Well damn! I live 4 blocks away from this place and have walked past it repeatedly without giving it a second thought. Looks like I know where I going for dinner tonight though!
By Laura Shunk
By Zachary Feldman
By Jon Campbell and Laura Shunk
By Laura Shunk
By Scarlett Lindeman
By Susannah Skiver Barton
By Laura Shunk
By Zachary Feldman
A visit to one of the city's most evolved taquerias
Even more than Jackson Heights or Corona, Sunset Park has become our premier Mexican-food neighborhood, with more restaurants, bodegas, street carts, and food trucks per square inch than anywhere else in the city. Taken together, these places perfectly recapitulate the development of our modern taquerias starting two decades ago. Back then, Pueblan bodega owners—realizing they already stocked the raw materials—put up makeshift counters flaunting Dutch ovens filled with stewed meats and began serving antojitos, the masa-based meals that constitute a major portion of the Mexican diet. Eventually, the groceries on the shelves withered away, and full-blown taquerias arose, also spinning off street carts and taco trucks.
Located on Sunset Park's Fifth Avenue in the shadow of the Basilica of Our Lady of Perpetual Help—making you feel like you're in Mexico—Tacos Cachanilla is one of the city's most fully evolved taquerias. "Cachanilla" is what residents of Baja California call themselves, after a fragrant purple thistle native to the region. And the facade promises Tijuana-style tacos—though what that means is unclear, since much of the menu is southern Mexican. More important, a sign boasts "Tortillas Hecho a Mano," meaning the café's handmade tortillas are so good that what you put on them is almost beside the point.
Stroll inside and find two parallel rows of tables marching toward the end of the dining room, where swinging doors give glimpses of the kitchen. Hung with the usual serapes and bejeweled sombreros, the walls are painted a hideous shade of green. But you won't even notice once your fork hits the delicious chile relleno ($9.75)—a single huge poblano stuffed with Brooklyn-made Oaxacan cheese, egg battered, and fried golden brown. It comes with rice and beans in a mild tomato sauce, but an even better use deposits the same pepper into a taco placeros ($5). Relatively new to New York, these "market tacos" are fabricated from giant flatbreads too big to be called tortillas. Also within find yellow rice, fried chile strips, onions cooked to softness, and—brace yourself—excellent skin-on French fries for a multi-starch whammy.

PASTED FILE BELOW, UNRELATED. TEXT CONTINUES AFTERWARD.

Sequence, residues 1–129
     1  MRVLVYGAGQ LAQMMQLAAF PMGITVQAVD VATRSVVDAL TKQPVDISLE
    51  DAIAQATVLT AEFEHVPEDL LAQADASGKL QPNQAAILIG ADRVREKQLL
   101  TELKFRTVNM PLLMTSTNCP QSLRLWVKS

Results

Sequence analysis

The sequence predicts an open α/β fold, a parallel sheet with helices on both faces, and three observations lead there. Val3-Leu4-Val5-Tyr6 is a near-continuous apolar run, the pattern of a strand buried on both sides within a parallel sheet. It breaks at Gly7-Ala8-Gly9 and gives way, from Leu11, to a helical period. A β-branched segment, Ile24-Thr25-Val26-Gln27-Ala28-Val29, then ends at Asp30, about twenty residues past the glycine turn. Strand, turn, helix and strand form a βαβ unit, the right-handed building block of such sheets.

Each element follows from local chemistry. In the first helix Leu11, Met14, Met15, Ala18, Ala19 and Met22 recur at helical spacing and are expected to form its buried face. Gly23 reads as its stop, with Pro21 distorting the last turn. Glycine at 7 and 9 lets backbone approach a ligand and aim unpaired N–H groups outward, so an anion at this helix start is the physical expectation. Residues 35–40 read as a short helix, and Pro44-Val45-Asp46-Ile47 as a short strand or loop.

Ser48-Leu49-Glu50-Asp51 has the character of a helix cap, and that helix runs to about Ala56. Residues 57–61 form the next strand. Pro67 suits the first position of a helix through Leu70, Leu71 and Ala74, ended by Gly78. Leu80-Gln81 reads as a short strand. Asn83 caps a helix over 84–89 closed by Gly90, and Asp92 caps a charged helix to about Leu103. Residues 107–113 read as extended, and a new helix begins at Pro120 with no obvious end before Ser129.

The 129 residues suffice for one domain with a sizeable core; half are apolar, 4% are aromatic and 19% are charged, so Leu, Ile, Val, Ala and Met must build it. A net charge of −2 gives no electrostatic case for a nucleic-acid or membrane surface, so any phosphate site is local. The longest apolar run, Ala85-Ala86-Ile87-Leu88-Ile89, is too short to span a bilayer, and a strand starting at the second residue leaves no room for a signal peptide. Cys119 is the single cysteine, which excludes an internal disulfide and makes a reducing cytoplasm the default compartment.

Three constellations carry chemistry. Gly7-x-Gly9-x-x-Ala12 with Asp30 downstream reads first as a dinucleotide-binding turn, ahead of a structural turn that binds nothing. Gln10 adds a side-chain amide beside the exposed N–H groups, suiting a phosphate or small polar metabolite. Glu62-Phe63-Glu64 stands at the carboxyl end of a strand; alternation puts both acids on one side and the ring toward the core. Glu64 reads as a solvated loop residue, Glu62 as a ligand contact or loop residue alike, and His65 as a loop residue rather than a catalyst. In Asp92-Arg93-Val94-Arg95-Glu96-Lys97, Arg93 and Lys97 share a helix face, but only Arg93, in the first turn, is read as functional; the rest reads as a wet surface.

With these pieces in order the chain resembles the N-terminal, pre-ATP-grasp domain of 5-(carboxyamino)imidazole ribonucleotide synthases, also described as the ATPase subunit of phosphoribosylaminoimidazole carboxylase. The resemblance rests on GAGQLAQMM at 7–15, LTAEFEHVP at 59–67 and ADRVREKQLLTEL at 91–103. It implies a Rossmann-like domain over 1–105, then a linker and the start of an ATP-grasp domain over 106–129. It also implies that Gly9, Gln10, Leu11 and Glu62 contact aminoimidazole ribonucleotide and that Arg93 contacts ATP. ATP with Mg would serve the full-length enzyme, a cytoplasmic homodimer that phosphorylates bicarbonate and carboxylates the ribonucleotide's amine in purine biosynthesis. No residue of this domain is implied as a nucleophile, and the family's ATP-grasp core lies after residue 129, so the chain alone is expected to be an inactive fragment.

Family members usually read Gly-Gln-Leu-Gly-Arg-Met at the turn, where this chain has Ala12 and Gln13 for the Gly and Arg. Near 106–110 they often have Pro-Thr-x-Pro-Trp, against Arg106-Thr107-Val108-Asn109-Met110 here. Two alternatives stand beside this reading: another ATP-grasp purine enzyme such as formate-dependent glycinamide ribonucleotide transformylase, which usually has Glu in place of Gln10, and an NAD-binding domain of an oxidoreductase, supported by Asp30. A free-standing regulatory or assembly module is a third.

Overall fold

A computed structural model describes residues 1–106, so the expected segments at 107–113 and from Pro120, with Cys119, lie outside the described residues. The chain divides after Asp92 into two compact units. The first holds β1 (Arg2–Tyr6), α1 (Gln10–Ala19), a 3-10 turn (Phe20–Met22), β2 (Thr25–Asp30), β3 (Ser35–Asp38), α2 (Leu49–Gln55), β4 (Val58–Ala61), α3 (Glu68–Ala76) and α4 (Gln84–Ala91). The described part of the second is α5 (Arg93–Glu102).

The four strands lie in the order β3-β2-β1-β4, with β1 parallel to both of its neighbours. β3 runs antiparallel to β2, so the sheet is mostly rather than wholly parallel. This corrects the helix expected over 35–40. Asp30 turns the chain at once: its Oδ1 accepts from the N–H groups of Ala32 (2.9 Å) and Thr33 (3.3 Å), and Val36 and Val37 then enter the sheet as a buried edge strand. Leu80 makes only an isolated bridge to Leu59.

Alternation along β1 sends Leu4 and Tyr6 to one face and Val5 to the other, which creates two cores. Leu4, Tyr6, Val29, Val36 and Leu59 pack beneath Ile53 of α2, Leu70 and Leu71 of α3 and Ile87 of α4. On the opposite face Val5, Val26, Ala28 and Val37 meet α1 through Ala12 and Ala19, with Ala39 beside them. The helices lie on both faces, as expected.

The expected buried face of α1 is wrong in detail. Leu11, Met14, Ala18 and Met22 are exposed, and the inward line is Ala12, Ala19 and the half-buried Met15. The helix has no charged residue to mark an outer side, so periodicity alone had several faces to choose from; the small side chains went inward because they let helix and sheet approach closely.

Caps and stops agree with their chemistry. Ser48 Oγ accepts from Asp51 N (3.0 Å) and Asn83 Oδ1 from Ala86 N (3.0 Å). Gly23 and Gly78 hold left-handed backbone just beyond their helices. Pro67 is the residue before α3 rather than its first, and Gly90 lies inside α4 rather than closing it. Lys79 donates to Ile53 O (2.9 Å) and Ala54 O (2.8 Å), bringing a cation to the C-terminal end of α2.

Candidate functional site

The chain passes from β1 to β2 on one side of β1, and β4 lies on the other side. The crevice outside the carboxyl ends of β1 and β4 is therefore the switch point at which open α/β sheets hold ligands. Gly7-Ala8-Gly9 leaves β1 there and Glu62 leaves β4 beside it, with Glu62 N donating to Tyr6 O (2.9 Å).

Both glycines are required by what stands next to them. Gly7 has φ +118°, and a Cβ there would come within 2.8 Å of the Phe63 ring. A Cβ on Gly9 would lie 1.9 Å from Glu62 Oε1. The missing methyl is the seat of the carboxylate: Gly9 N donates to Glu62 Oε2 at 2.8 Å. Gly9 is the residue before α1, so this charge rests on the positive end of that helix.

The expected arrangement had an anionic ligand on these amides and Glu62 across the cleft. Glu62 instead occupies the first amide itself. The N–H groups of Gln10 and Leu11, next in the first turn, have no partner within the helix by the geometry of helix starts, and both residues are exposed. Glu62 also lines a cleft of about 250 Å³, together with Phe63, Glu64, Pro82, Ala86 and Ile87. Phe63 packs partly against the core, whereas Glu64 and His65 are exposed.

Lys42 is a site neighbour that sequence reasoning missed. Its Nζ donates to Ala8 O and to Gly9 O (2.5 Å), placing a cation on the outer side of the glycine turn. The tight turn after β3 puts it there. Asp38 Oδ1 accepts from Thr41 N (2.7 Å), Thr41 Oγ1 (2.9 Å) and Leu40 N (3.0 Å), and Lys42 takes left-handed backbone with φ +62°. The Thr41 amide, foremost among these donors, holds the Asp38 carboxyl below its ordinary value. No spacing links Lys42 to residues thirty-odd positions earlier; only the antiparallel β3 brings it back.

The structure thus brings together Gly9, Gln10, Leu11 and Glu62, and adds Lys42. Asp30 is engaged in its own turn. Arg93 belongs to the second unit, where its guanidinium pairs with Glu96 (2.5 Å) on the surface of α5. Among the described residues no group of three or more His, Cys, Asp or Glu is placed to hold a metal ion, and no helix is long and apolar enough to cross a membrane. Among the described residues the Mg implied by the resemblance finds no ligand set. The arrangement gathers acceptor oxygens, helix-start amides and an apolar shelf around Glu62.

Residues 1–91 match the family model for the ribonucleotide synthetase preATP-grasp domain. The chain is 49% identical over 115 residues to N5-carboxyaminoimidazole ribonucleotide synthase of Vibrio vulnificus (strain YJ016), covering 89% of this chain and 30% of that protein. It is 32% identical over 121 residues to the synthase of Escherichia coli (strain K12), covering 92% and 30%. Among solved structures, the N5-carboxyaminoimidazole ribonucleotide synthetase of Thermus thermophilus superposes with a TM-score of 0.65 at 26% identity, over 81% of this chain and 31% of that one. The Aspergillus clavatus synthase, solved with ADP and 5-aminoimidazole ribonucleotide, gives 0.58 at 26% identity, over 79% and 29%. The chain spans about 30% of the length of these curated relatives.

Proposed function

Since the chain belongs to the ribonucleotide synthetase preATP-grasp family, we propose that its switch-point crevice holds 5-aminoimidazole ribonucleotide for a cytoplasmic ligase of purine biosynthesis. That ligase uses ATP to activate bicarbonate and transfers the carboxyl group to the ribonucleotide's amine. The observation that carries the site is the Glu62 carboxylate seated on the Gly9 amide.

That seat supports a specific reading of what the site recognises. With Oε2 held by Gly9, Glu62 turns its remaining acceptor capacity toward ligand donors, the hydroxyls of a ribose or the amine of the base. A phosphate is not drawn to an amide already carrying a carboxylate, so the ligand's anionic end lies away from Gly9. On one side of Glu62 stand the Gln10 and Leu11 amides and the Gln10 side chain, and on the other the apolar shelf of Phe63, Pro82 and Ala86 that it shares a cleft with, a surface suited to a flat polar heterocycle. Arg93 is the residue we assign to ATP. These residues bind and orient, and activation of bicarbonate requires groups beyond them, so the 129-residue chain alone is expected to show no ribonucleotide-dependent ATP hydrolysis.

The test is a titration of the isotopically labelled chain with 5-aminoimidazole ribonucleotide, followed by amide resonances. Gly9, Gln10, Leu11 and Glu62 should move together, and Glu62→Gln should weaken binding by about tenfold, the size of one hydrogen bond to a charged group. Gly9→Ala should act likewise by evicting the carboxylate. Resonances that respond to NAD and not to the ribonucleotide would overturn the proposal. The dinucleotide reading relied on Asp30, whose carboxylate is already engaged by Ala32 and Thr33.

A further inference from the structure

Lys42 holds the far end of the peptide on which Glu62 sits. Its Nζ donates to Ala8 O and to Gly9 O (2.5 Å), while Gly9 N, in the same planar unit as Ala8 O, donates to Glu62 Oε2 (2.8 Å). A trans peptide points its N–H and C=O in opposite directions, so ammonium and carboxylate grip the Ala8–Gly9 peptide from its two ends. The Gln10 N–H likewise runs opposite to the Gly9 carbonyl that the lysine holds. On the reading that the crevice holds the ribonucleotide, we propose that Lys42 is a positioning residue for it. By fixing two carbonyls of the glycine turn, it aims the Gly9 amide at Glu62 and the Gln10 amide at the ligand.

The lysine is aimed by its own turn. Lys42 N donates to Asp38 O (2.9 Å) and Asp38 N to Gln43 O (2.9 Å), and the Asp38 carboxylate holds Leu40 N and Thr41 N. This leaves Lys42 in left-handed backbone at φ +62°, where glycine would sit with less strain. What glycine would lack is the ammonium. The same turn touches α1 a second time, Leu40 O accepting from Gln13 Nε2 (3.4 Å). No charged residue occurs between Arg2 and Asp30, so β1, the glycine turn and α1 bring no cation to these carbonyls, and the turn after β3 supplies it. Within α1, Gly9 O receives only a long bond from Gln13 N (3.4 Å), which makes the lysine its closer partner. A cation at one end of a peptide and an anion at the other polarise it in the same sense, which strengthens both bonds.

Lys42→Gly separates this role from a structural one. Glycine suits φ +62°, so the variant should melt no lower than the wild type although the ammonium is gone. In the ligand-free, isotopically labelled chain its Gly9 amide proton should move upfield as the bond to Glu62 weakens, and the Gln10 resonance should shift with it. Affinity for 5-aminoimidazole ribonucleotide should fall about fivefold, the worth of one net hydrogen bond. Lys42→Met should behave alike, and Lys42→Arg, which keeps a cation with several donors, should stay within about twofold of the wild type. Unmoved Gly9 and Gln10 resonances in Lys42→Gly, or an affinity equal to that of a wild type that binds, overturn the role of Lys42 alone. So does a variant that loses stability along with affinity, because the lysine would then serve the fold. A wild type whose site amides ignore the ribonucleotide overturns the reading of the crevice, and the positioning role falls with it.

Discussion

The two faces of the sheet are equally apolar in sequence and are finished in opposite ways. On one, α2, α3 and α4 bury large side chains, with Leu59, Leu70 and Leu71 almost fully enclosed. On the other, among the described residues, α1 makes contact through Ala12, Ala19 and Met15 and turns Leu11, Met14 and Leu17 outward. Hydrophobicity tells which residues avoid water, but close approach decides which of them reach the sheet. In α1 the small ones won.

There are other tacos placeros, too, alternately enfolding boiled eggs, crumbly sausage, or the razor-thin beef cutlets known as milanesa de res, quizzically referring to Milan, Italy, though the prep method was probably brought to Mexico by the Germans. But even the carnivorous tacos placeros offer minimal meat compared with the other ingredients, more in line with what most Mexicans eat every day than the flesh-intensive tacos that hipsters buy from trucks after bar-hopping.
In fact, the majority of the menu at Tacos Cachanilla is devoted to the same slaked-corn masa dough shaped into nearly a dozen different antojitos. Most often associated with Guerrero are picaditas ("little bites," $5), flat dough saucers with raised edges. In a playful approximation of the Mexican flag, these serve as reservoirs for both red and green salsa, with crumbled white cheese in between. A favorite of neighboring Puebla is the quesadilla—not the bar-food snack of flour tortillas glued together with Velveeta, but an oversize flatbread, like that of the tacos placeros, flopped over a more meager collection of ingredients.
You may also select sopes (tiny rounds of masa with raised edges), chalupas (like sopes, only crisper and with no edges), huaraches (resembling tire-soled sandals), tostadas (crunchy, tiny tortillas), gorditas (puffy, obese tortillas), and, rarest of all, mulitas—tortilla sandwiches made with lots of stretchy cheese, salsa, and a meat of your choice.
These meat fillings seem like an afterthought on the part of the restaurant; in many cases, the vegetarian version of each dish is better. That said, the crumbly chorizo sausage has been unfailingly good, as is the chicken, either shredded in the green enchiladas ($9.75) or fried in wafer-thin cutlets atop chilaquiles ($9.50). Used in antojitos or eaten on a platter, beef tongue is a good bet, too. But both the pork-based al pastor and carnitas tasted tired on a recent occasion.
Perhaps the strangest antojito of all is the one that involves no masa. Chicharron preparado ("doctored pigskin," $7.75) comes with your choice of meat, but you can also get it without. A huge square of crisp material the size of a floor tile is topped with greenery, onions, crema, cheese, avocado, and miscellaneous other ingredients. Squirt on the salsa and proceed across a fair approximation of the bumpy brown Mexican landscape.
By the way, skip the meat and you can invite your vegetarian friends to share: The "pigskin" is really made with wheat flour. And I guarantee you won't miss the swine.